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Air flow changes predict weather extremes even if climate change doesn't

"In some places amplified waves increase the chance of unusually hot conditions, and in others the risk of cold, wet or dry conditions," researcher James Screen explained.
By Brooks Hays   |   June 23, 2014 at 11:45 AM   |   Comments

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EXETER, England, June 23 (UPI) -- Arctic amplification -- the warming of the poles at a faster rate than the rest of the globe -- is one of several factors that's been blamed for the extreme cold witnessed in the U.S. and Europe this past winter. But a new study suggests global warming means less temperature variability, not more.

While it's true that arctic amplification and a slower, meandering jet stream helped instigate extreme cold spells and lingering storms over the last year, researcher James Screen says such extremes are likely to be mitigated over time.

"Autumn and winter days are becoming warmer on average, and less variable from day-to-day," explained Screen. "Both factors reduce the chance of extremely cold days."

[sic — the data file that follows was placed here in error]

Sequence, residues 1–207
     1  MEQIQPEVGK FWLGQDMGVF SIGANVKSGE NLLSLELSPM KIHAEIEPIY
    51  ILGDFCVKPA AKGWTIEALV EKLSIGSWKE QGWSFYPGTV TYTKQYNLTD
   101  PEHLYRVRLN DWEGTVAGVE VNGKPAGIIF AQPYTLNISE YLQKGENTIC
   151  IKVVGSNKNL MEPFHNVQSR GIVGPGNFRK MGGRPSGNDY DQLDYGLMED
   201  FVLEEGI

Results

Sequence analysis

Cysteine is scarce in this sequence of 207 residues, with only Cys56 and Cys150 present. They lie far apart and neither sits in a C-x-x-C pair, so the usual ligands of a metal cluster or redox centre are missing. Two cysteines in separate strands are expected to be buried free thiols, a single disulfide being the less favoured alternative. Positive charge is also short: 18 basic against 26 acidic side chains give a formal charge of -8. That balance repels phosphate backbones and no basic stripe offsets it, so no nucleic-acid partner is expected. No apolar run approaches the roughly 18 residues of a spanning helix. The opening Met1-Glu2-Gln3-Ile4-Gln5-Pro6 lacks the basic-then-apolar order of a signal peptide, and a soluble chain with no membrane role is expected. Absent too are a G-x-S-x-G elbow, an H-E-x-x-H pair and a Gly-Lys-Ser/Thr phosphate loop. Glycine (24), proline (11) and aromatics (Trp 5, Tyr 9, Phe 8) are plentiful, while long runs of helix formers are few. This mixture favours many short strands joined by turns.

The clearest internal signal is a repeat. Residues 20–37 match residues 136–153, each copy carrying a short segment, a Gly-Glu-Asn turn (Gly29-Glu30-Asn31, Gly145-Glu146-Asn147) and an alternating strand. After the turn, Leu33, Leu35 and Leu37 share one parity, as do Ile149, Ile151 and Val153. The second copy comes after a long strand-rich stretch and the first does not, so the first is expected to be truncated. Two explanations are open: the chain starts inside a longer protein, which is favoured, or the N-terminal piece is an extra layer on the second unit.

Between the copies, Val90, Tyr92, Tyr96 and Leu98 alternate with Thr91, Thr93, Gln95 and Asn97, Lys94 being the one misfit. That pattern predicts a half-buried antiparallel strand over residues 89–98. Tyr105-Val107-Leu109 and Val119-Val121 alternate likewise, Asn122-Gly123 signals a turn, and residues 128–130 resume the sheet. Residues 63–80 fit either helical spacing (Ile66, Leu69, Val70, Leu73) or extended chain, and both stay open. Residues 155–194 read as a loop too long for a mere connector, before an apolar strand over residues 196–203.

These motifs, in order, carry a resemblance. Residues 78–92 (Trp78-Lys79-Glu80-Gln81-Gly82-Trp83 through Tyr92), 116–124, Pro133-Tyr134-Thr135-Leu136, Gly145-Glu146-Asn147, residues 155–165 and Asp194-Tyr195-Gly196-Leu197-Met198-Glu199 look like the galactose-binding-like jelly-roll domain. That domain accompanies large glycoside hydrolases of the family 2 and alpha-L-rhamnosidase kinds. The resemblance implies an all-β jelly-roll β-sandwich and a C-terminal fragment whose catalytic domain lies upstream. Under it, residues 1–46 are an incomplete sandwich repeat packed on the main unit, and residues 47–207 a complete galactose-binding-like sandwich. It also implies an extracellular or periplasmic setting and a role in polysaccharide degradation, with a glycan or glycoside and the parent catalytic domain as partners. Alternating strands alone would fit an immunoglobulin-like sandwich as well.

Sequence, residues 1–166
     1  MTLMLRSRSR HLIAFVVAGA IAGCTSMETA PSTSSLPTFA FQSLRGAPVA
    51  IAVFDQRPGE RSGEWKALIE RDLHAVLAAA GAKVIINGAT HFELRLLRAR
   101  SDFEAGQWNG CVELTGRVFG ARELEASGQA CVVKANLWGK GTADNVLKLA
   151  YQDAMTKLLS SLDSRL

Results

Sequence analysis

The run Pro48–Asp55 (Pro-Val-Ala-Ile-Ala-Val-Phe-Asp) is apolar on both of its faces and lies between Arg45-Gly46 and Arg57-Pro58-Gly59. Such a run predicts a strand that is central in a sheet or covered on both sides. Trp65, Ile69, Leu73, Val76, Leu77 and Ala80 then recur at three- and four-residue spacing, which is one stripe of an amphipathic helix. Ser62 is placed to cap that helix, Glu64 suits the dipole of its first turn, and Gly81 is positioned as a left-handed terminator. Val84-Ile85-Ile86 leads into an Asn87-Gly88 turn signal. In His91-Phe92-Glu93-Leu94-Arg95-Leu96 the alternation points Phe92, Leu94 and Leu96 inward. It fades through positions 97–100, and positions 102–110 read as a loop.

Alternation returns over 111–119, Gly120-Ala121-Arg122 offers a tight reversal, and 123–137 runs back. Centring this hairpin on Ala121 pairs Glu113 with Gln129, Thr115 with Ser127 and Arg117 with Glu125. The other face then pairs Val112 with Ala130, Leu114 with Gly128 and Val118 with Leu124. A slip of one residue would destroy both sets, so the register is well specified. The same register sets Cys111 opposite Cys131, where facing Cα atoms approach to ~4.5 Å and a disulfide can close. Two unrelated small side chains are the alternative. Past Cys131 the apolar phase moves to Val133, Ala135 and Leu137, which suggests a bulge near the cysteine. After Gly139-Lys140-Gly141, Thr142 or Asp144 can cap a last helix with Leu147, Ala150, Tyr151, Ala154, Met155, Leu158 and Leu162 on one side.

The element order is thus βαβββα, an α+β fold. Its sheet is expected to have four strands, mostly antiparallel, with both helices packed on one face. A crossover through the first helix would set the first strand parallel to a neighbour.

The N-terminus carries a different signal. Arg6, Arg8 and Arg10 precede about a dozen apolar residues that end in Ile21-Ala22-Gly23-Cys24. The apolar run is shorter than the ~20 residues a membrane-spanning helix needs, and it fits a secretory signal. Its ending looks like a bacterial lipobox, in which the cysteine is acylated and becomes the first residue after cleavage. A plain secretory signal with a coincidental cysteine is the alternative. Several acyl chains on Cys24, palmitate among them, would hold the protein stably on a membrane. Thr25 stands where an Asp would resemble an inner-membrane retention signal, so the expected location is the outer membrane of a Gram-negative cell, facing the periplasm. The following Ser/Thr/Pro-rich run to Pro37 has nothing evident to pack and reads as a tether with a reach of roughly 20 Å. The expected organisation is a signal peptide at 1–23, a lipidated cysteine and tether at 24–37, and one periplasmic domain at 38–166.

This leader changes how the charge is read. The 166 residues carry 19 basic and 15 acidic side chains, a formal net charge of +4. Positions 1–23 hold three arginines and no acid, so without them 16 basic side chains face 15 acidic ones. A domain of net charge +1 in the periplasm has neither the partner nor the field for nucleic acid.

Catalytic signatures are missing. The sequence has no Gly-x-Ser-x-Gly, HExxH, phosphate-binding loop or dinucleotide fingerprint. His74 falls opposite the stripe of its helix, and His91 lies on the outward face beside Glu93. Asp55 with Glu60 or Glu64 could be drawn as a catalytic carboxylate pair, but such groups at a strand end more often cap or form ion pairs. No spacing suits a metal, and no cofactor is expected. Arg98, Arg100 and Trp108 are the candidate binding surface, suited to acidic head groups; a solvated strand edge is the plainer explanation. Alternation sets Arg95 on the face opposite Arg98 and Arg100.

Screen, a mathematics fellow at the University of Exeter, collaborated with a number of other researchers in analyzing climate and weather patterns of the last quarter century. The result is a study, published in the journal Nature Climate Change, that suggests the future holds fewer and fewer extremely cold days.

"Cold days tend to occur when the wind is blowing from the north, bringing Arctic air south into the mid-latitudes," explained Screen. "Because the Arctic air is warming so rapidly these cold days are now less cold than they were in the past."

All that being said, a different study -- also by Screen and also published in Nature -- does suggest certain regions will see more extreme weather than others -- despite a decrease in temperature variability. These changes are predicted by high atmosphere air flows, like the jet stream, which pull cold air from arctic south and warmer weather from the tropics north.

"The impacts of large and slow moving atmospheric waves are different in different places," he explained. "In some places amplified waves increase the chance of unusually hot conditions, and in others the risk of cold, wet or dry conditions."

Screen hopes his study of major air flows and their effects on weather can help government officials better predict and prepare for extreme meteorological conditions.

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